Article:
Attaching an Azure Managed Disk to a Linux VM

30 minutes
  • 3 Learning Objectives

About this Hands-on Lab

Azure Managed Disks provide a way to manage disk-based data storage and access the data in your VMs. Azure Disks provide the main operating system storage for virtual machines, but additional disks can be attached to VMs to provide storage as well. This allows you to use storage that is optimized for the needs of different parts of your infrastructure. In this lab, you will be able to work with Azure Data Disks hands-on. You will create a disk, attach it to a Linux VM, and mount it from within the VM so that it is ready for use.

Learning Objectives

Successfully complete this lab by achieving the following learning objectives:

Create the Managed Disk.
  1. Log in to the Azure Portal.

  2. Click + Add and add search for/select Managed Disks. Select Create.

  3. Configure the Disk:

    • Ensure that Resource Group is set to your resource group (not empty).
    • Enter inventory-processing-output for the Disk name.
    • Select West US for the Region.
    • Click Change size. For Account type, select Standard SSD. Select 512 GiB.
  4. Review and create the disk. After a short time, your disk will be created.

Attach the Disk to the VM.
  1. Return to the resource group main page by clicking Home, then the resource group.

  2. Click the Virtual machine resource called lab-VM.

  3. Select Disks from the menu.

  4. Click + Add data disk.

  5. Click the Name dropdown and select inventory-processing-output.

  6. Click Save.

After a few moments, the disk will be attached to the VM.

Mount the Disk to the VM file system.
  1. Log in to the VM in a terminal.

  2. Verify that the disk has been attached to the VM.

dmesg | grep SCSI

You should see a line that reads:

[sdc] Attached SCSI disk

This means the managed disk is called sdc.

  1. Format the new disk:
sudo fdisk /dev/sdc
  1. Respond to the prompts like so:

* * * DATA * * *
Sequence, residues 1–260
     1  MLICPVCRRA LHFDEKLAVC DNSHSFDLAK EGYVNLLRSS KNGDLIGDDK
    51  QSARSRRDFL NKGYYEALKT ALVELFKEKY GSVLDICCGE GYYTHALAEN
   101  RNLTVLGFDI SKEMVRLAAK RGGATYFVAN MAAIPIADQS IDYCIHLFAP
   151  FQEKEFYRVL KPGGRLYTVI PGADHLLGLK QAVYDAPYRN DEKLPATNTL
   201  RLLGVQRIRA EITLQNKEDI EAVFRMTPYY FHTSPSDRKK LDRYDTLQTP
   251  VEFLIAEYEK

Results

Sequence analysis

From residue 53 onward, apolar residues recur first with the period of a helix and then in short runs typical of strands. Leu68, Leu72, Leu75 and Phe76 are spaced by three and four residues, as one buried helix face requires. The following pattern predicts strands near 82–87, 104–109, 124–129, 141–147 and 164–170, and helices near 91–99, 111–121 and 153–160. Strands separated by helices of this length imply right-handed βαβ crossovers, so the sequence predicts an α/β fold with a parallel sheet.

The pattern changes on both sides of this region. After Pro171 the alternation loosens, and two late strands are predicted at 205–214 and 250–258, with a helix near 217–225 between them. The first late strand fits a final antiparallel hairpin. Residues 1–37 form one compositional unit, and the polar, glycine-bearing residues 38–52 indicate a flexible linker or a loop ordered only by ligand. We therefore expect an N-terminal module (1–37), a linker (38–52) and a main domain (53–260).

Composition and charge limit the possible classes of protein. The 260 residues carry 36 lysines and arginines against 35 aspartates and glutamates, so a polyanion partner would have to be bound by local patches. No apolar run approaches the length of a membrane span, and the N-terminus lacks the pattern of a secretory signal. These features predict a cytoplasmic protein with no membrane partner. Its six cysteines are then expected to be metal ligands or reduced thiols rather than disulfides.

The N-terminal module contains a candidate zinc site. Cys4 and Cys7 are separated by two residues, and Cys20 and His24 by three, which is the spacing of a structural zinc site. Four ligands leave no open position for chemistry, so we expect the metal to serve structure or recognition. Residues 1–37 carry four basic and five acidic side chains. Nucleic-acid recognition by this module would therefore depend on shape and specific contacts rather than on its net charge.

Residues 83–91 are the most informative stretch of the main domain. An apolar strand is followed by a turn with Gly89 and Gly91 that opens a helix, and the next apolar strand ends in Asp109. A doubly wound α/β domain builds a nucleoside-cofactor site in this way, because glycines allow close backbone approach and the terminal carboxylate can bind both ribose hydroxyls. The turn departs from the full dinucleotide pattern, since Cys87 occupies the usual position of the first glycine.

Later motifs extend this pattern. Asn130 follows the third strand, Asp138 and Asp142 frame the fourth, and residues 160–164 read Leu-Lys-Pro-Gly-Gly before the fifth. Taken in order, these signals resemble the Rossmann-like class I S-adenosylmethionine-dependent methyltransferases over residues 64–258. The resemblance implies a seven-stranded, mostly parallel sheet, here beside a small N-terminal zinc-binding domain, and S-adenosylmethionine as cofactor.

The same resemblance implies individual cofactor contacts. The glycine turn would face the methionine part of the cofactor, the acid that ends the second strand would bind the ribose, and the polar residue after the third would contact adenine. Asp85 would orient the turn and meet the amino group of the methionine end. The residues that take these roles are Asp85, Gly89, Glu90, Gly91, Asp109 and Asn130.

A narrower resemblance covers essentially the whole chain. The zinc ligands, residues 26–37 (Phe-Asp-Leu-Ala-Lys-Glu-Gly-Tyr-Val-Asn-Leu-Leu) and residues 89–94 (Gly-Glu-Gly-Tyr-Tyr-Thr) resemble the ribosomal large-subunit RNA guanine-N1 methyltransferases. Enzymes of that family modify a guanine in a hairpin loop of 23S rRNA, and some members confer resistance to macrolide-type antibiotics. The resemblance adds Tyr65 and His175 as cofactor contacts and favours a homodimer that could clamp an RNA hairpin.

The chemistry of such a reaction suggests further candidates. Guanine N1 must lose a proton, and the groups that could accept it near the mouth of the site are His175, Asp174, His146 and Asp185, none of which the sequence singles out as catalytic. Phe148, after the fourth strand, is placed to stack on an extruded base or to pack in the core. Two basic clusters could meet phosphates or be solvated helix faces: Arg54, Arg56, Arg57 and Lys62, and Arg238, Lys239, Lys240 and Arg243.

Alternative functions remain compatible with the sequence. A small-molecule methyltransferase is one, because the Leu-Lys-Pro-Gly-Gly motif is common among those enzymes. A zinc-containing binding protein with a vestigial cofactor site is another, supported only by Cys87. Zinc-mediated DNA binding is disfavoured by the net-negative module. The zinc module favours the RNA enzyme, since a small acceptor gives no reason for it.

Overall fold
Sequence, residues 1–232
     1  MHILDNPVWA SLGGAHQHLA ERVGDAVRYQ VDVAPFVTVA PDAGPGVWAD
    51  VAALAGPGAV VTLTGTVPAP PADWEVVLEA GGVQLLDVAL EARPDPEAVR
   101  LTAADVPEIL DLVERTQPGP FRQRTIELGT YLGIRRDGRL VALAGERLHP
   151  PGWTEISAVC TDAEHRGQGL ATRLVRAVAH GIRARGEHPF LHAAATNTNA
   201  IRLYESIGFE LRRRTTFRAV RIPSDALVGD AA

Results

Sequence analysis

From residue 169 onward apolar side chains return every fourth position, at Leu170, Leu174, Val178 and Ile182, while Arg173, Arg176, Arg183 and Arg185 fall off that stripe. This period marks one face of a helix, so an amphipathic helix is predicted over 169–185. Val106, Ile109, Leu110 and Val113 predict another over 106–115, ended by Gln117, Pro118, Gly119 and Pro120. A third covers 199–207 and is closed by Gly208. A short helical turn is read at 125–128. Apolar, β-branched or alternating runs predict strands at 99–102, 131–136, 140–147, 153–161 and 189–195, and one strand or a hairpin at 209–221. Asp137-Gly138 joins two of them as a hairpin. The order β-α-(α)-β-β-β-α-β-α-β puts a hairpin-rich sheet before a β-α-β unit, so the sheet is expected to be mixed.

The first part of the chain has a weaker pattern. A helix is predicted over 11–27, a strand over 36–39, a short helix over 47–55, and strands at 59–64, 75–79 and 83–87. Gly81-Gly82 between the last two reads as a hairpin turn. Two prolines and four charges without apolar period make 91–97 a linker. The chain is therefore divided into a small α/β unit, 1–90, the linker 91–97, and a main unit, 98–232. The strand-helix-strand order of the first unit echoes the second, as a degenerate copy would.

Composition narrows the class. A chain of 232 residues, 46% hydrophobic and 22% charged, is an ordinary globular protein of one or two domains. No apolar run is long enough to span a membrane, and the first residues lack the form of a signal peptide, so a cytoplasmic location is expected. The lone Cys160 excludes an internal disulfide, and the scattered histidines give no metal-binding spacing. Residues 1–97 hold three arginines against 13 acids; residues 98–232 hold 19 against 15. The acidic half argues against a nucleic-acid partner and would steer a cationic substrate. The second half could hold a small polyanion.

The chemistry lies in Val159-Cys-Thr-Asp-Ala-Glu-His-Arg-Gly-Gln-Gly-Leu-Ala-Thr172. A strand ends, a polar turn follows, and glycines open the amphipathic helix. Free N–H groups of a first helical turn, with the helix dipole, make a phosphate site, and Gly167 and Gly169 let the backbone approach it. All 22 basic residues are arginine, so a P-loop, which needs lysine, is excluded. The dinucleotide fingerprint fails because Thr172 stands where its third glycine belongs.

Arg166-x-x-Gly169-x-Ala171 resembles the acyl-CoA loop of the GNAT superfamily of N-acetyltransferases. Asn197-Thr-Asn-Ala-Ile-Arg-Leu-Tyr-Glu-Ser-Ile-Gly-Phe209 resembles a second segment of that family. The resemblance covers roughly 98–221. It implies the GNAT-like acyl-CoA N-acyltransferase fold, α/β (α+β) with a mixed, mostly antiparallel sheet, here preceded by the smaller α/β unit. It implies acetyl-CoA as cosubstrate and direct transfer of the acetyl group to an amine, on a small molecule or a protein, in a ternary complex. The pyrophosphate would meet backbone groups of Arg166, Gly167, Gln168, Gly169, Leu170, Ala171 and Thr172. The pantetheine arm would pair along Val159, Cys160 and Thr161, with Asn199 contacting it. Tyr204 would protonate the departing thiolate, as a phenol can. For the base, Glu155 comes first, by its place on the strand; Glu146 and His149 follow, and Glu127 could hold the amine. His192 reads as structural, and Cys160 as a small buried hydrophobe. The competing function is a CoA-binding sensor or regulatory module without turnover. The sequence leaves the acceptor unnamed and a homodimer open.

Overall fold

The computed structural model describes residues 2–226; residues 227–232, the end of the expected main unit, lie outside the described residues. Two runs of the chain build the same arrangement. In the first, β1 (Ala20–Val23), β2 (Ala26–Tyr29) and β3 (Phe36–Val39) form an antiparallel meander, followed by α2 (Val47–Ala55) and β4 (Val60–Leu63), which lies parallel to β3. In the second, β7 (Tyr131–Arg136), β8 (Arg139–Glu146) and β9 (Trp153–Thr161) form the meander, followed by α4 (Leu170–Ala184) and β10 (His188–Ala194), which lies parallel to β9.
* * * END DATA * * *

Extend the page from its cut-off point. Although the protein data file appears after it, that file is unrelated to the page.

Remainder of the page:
Command (m for help): n
Partition type
   p   primary (0 primary, 0 extended, 4 free)
   e   extended (container for logical partitions)
Select (default p): p
Partition number (1-4, default 1):
First sector (2048-1073741823, default 2048):
Last sector, +sectors or +size{K,M,G,T,P} (2048-1073741823, default 1073741823):

Created a new partition 1 of type 'Linux' and of size 512 GiB.

Command (m for help): w
The partition table has been altered.
Calling ioctl() to re-read partition table.
Syncing disks.
  1. Create a file system on the new partition. Note that it will take a few moments to finish building the file system:
sudo mkfs -t ext4 /dev/sdc1
  1. Create the output directory:
sudo mkdir /output
  1. Get the Disk’s UUID. Copy the UUID value from the output:
sudo -i blkid | grep sdc1
  1. Add the new disk to fstab so that it will be automatically mounted whenever the VM restarts:
sudo vi /etc/fstab
  1. Add a new line to the file. Be sure to replace <your disk UUID> with the Disk UUID that was printed by the blkid command earlier:
UUID=<your disk UUID>   /output   ext4   defaults,nofail   1   2
  1. Mount the new Disk immediately by reloading fstab:
sudo mount -a
  1. Write some data to the disk to verify that it is working:
echo "Hello, world!" | sudo tee -a /output/test.txt
  1. Read the data back from the disk:
cat /output/test.txt

Additional Resources

Your company, Store All the Things!, has a virtual machine running some software that generates a lot of data. While the virtual machine itself is fairly disposable and can be easily replaced, the output data has some additional performance and reliability requirements.

Your engineers want to be able to manage this important data separately from the main OS disk used by the VM, so you have been asked to create and mount an additional data disk to the VM where the software can write the output data. Create the disk, attach it to the VM, and mount it to the file system within the VM.

Additional details:

  • The virtual machine is called lab-VM
  • The VM is located in the West US region. The Disk will need to be located in that region as well
  • The Disk should be named inventory-processing-output
  • The Disk should be a 512 GiB Standard SSD
  • Mount the Disk to the VM filesystem at the location /output

If you get stuck, feel free to check out the solution video, or the detailed instructions under each objective. Good luck!

What are Hands-on Labs

Hands-on Labs are real environments created by industry experts to help you learn. These environments help you gain knowledge and experience, practice without compromising your system, test without risk, destroy without fear, and let you learn from your mistakes. Hands-on Labs: practice your skills before delivering in the real world.

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